Gerhard Richter

Self Portrait Standing, Three Times, 17.3.1991 (1991)

About this artwork

As well as painting canvases based on photographic images since 1989, Richter has also painted actual photographs to create works. In doing so, he has emphasised the surface reality of the pain interacting with the forms in the photographs. In this serial work, Richter has used six identical prints of a photograph, which consists of a triple exposure of the artist standing in his studio. On each successive print, he applied more and more paint using a squeegee and a brush, so that the final work disappears completely, as does his studio. Only paint remains – perhaps representing the artist’s notorious unwillingness to reveal himself.

  • title: Self Portrait Standing, Three Times, 17.3.1991
  • accession number: AR00182
  • artist: Gerhard RichterGerman (born 1932)
  • gallery: In Storage
  • object type: Photograph
  • medium: Embossed paper in frame
  • date created: 1991
  • measurements: Each: 50.50 x 56.50 cm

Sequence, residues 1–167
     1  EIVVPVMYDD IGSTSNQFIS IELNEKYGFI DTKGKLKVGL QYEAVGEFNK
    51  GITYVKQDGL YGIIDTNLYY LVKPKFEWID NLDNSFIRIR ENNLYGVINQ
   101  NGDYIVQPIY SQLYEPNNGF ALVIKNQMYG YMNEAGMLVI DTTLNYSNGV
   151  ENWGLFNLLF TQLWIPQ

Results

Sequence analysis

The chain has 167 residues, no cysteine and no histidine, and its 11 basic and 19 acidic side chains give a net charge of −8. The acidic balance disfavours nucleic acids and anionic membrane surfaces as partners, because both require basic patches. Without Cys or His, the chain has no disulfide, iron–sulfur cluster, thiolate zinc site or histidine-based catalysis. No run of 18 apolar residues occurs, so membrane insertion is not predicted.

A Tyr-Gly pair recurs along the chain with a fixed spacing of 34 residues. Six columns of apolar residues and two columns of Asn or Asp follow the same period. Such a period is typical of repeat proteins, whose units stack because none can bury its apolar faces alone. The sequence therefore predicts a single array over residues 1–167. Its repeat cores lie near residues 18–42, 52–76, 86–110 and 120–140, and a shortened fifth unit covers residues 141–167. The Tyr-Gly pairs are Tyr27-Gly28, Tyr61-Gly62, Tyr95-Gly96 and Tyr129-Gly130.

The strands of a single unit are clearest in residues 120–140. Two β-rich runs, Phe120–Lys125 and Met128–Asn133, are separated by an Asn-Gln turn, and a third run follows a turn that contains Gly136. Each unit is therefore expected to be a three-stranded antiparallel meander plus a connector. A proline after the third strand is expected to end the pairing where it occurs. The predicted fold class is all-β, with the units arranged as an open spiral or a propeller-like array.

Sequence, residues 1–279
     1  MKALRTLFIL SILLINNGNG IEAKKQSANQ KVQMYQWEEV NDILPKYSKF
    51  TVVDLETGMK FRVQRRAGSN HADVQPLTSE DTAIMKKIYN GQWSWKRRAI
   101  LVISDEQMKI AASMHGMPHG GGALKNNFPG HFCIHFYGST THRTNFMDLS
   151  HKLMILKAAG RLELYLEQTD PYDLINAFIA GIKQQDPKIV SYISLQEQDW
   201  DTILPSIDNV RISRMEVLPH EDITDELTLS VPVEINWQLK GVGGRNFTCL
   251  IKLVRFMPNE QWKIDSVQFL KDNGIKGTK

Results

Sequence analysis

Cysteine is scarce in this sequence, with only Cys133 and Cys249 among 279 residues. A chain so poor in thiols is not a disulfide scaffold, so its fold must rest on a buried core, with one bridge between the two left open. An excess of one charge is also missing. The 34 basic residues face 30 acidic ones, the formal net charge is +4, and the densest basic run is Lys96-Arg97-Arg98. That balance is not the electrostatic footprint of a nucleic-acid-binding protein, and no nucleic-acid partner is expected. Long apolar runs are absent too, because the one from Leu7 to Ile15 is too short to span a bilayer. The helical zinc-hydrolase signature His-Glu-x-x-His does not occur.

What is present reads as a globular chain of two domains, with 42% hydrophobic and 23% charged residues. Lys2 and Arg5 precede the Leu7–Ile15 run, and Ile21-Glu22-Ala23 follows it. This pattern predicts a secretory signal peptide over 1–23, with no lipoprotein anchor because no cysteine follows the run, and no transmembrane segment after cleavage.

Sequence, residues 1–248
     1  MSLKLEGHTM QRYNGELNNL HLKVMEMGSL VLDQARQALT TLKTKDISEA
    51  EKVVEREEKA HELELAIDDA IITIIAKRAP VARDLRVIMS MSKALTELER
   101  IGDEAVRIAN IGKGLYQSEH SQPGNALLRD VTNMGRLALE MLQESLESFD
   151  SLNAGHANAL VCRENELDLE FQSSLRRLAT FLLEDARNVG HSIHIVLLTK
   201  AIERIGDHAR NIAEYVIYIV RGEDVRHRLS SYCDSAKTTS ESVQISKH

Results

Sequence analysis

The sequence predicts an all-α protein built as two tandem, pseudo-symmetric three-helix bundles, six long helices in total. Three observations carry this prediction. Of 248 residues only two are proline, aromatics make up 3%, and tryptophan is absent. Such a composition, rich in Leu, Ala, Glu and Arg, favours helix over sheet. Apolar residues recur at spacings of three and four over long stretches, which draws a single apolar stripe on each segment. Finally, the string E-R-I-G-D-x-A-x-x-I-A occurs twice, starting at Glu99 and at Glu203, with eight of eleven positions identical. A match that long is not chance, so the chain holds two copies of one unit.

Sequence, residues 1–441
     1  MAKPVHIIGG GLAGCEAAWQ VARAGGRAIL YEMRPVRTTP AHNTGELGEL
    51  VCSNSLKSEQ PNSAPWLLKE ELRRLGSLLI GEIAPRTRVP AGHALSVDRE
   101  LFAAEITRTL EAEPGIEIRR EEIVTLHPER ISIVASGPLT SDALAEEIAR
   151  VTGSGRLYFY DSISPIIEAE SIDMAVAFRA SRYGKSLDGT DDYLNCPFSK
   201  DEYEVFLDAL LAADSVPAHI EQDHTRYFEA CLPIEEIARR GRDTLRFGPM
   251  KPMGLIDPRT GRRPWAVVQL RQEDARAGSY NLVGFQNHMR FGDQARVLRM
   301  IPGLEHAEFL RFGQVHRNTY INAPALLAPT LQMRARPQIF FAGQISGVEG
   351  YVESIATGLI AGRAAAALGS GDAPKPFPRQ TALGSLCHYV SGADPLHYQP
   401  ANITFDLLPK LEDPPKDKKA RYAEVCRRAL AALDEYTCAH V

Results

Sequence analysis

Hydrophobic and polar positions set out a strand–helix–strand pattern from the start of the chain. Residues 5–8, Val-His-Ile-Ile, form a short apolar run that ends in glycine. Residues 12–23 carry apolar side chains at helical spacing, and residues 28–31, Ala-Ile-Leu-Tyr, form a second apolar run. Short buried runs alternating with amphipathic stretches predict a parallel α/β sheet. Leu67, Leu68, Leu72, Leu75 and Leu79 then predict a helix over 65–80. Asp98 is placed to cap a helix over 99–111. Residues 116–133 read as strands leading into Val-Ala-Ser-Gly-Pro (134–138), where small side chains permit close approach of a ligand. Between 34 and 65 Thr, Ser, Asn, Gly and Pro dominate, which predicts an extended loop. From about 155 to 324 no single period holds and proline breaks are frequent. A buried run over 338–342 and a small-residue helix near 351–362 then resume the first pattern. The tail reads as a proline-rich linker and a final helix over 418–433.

• credit line: ARTIST ROOMS National Galleries of Scotland and Tate. Acquired jointly through The d'Offay Donation with assistance from the National Heritage Memorial Fund and the Art Fund 2008
  • copyright: © Gerhard Richter
  • photographer: Antonia Reeve
This artwork is part of Artist Rooms

Gerhard Richter

Gerhard Richter

Richter was born in Dresden, where he studied from 1952 to 1957. In 1961 he settled in Düsseldorf, where he studied under Joseph Beuys. In 1963 he began using images from press photographs and amateur snapshots in his paintings, deliberately blurring them in order to undermine and challenge the boundaries of painting and photography. In the early 1970s Richter explored theoretical ideas about colour in a series of colour charts. In a similar systematic way he made a large number of grey paintings in which he experimented with texture and brushstrokes. Since the late 1970s Richter has painted an ongoing series of colourful abstractions and alternated these with painstakingly accurate renderings in paint of photographs of landscapes, people and still lifes.